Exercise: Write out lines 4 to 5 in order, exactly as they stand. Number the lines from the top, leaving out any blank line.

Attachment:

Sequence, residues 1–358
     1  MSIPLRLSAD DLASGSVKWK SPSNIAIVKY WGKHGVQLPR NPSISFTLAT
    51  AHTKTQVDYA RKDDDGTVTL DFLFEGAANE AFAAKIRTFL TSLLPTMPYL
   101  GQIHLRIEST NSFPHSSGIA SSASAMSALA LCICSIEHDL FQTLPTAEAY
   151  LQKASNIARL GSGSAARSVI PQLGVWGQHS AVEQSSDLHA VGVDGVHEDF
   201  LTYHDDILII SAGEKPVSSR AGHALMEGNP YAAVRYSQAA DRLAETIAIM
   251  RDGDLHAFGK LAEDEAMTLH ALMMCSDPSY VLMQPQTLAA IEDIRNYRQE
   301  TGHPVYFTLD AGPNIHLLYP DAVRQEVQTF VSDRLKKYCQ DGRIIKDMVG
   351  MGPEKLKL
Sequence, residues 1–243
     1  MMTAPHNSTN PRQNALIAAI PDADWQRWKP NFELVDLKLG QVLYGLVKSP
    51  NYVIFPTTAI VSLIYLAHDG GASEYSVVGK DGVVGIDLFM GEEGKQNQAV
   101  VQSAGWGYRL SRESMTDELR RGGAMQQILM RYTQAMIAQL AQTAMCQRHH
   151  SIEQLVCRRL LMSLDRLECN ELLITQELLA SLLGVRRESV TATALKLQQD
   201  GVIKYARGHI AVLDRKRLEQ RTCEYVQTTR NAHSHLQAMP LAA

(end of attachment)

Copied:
   101  GQIHLRIEST NSFPHSSGIA SSASAMSALA LCICSIEHDL FQTLPTAEAY
   151  LQKASNIARL GSGSAARSVI PQLGVWGQHS AVEQSSDLHA VGVDGVHEDF